To make this your most meaningful year yet, Davies recommends writing down a list of things you want to do because you are alive today, and then resolve to invest in your lived experience.
Limit your exposure to negativity.
Have you ever noticed that after spending time around negative people, you end up feeling down in the dumps? There's a reason the old adage "misery loves company" exists—gloom and doom are contagious. Whether it's a constantly complaining co-worker or a well-meaning family member who doles out not-so-constructive criticism, make it a point to cut down on the negative influences in your life.
"It becomes easier to take care of yourself and hit your wellness goals when you're happy and when you have less negativity in your life, you make room for the truly good and positive," points out Ysmay Walsh, a yoga instructor at 42 Yogis. "Life is brighter, the air smells sweeter and relationships seem richer because you're able to focus on the good without worrying about the bad. You're making way for happiness."
Check in with your "inner voice."
In a world where everyone has a platform to share their thoughts and opinions, it's easy to fall into the trap of letting others influence our feelings and decisions. Liza Baker, health coach with Simply: Health Coaching, recommends resolving to check in with your inner voice instead of looking to others for answers or validation. This can be applied to every area of life, from career and relationships to physical exercise and nutrition.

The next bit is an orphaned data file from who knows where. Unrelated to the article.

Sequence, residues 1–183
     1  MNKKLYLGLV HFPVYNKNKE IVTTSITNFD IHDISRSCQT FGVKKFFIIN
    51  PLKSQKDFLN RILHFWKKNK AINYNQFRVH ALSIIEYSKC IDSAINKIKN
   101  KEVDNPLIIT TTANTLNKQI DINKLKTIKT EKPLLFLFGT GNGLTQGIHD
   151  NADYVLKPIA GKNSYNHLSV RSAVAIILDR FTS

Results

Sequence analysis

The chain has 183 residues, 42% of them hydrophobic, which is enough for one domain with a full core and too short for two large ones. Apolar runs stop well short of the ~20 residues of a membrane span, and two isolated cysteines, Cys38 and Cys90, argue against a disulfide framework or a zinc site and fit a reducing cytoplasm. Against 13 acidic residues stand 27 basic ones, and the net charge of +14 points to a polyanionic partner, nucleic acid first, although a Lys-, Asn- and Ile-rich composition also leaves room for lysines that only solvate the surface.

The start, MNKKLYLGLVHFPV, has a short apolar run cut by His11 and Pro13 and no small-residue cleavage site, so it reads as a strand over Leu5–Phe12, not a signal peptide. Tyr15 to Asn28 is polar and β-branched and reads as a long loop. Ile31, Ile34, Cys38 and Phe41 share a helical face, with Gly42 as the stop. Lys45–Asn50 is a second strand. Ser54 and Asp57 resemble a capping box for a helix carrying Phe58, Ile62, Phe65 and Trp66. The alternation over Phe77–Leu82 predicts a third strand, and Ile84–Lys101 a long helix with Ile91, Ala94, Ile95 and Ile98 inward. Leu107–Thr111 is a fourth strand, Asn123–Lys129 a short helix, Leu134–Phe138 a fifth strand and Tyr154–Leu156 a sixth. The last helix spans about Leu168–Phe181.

"We normally look outside ourselves for answers or fixes, and I've noticed that as a result, most of our unhappiness stems from measuring ourselves by external scales," says Baker. "In the extreme version, we look at our bodies and compare them to the skinny, photoshopped, blemish-free 'perfection' we see in the media—of course, we don't measure up, and that makes us feel unhappy. In a subtler situation, we ask everyone we trust about whether or not we should take a job offer—and so we take it (or don't), in part to please those who give us advice. We ask our friends what workout helped them look so great—and when we don't see the same result, we're unhappy."
This year, try to pause and ask yourself whether something feels good or right. This, Baker believes, is the way to move toward living in alignment with your own beliefs and values. "Living with that sort of integrity is ultimately what brings true happiness, the kind where you walk down the street and people turn to stare and say, 'I'll have what she's having!'"
Work toward a specific performance goal.
Rui Li, a trainer with New York Personal Training, believes that the best way to motivate yourself to get in shape and stick to a consistent wellness program is to be fueled by the desire to triumph over concrete achievements.